Google flips the switch on Android Pay

Advertisement

Google’s got a new payment system incoming, and recent rumors suggested we’d see Android Pay finally go live next week. Overnight we saw the debut of a new Google Wallet app, which felt like it helped support that idea that Android Pay was nearly ready to debut. Well, it turns out that’s more true than we guessed, as we’re not waiting another week at all: today Google announced the formal start of Android Pay.

Access to Android Pay will arrive gradually over the next few days, and current Wallet users will see it land as an update to that app – that explains why we saw this new Wallet release arrive as an all-new app, rather than an upgrade to the existing one (com.google.android.apps.gmoney vs. com.google.android.apps.walletnfcrel). If you’re new to this whole mobile payment scene and are looking to get started directly with Android Pay, Google says the app should hit the Play Store in a few days – right now it still shows up as Wallet.

We’ll also start seeing Android Pay come pre-installed on NFC-enabled phones from the majority of US carriers (AT&T, T-Mobile, and Verizon). Considering past resistance to Wallet, that’s a welcome change.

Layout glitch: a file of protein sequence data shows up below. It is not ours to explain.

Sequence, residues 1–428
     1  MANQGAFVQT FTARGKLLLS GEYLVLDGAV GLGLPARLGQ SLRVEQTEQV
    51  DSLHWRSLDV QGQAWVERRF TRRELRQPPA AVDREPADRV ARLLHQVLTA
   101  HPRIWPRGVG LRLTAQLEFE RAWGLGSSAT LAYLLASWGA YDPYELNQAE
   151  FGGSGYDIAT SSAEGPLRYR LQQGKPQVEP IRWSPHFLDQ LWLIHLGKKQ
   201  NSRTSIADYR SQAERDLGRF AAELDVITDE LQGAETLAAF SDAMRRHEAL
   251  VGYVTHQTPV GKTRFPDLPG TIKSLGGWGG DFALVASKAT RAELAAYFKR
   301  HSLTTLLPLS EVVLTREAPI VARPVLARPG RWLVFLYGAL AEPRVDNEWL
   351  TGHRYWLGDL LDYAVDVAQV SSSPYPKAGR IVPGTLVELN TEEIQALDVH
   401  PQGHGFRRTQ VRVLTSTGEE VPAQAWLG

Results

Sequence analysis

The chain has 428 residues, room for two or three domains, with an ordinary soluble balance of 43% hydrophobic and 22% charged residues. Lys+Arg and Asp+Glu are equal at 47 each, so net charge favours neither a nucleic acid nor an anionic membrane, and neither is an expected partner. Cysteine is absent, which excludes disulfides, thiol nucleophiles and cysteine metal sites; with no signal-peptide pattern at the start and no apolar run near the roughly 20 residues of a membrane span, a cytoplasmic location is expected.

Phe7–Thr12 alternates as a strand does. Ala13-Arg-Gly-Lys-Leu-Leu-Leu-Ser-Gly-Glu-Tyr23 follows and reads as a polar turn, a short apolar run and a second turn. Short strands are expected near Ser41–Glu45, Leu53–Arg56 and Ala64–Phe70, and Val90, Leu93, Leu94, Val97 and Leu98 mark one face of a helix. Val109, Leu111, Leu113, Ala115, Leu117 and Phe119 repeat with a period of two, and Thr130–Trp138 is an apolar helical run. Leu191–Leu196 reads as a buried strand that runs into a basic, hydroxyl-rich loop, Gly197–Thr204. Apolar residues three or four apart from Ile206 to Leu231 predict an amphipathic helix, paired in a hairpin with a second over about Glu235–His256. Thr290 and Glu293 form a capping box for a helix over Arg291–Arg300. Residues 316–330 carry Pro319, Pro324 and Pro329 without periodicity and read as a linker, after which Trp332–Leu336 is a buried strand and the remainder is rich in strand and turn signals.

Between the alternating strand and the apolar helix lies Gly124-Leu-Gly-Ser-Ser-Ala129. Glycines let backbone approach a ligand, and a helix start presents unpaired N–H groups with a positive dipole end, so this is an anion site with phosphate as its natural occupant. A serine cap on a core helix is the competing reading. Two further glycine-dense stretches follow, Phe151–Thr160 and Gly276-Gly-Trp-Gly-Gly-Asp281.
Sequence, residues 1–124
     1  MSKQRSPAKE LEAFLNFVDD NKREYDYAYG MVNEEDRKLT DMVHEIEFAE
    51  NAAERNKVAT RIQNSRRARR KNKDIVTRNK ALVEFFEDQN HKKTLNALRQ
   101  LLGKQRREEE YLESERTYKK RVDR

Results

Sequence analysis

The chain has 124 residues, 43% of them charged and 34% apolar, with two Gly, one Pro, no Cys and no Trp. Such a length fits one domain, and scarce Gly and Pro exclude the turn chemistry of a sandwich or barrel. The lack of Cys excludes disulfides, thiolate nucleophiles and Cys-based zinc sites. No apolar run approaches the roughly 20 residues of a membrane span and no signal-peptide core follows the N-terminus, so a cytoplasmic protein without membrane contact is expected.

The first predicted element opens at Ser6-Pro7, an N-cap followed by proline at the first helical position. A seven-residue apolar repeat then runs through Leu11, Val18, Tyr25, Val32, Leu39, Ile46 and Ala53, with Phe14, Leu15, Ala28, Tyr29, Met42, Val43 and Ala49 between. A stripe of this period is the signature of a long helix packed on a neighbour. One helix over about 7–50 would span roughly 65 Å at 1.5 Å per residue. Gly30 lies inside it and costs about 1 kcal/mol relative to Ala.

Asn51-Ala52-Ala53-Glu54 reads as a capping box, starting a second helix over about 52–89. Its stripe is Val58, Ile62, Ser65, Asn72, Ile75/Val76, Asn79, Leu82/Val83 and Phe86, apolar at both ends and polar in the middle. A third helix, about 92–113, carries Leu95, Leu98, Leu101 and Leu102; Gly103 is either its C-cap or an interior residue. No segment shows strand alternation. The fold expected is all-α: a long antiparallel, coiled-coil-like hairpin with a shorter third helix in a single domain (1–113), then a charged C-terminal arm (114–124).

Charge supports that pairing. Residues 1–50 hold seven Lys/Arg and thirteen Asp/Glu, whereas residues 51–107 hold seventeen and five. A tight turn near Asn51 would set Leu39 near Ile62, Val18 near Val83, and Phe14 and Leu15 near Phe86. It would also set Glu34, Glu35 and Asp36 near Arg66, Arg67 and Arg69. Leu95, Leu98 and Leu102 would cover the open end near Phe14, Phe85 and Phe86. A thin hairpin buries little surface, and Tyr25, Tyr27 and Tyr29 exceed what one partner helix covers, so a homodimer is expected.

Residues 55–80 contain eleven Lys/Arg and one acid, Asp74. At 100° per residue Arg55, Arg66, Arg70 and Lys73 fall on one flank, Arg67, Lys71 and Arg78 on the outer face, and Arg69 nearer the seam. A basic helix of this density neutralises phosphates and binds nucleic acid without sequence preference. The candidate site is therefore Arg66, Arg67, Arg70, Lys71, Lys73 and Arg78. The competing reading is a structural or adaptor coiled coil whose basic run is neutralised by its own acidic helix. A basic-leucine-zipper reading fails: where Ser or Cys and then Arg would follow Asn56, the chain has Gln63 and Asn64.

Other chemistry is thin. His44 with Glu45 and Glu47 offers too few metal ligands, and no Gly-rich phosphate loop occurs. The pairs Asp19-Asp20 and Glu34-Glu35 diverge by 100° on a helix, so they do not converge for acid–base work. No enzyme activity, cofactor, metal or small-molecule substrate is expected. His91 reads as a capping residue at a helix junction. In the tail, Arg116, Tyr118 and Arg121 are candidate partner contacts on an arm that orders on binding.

Functionally, though, this should be business as usual for those of you familiar with Wallet: link your card to your account, then tap and pay at your convenience. New bank partners are coming soon, but many of you should have no trouble getting started with Android Pay right from the get-go. Even if your card doesn’t work with Android Pay just yet, Wallet should still function while Google negotiates with your bank.

Source: Google

Share This Post
Advertisement
What's your reaction?
Love It
0%
Like It
0%
Want It
0%
Had It
50%
Hated It
50%
About The Author
Stephen Schenck

Stephen has been writing about electronics since 2008, which only serves to frustrate him that he waited so long to combine his love of gadgets and his degree in writing. In his spare time, he collects console and arcade game hardware, is a motorcycle enthusiast, and enjoys trapping blue crabs. Stephen’s first mobile device was a 624 MHz Dell Axim X30, which he’s convinced is still a viable platform. Stephen longs for a market where phones are sold independently of service, and bandwidth is cheap and plentiful; he’s not holding his breath. In the meantime, he devours smartphone news and tries to sort out the juicy bits

Read more about Stephen Schenck!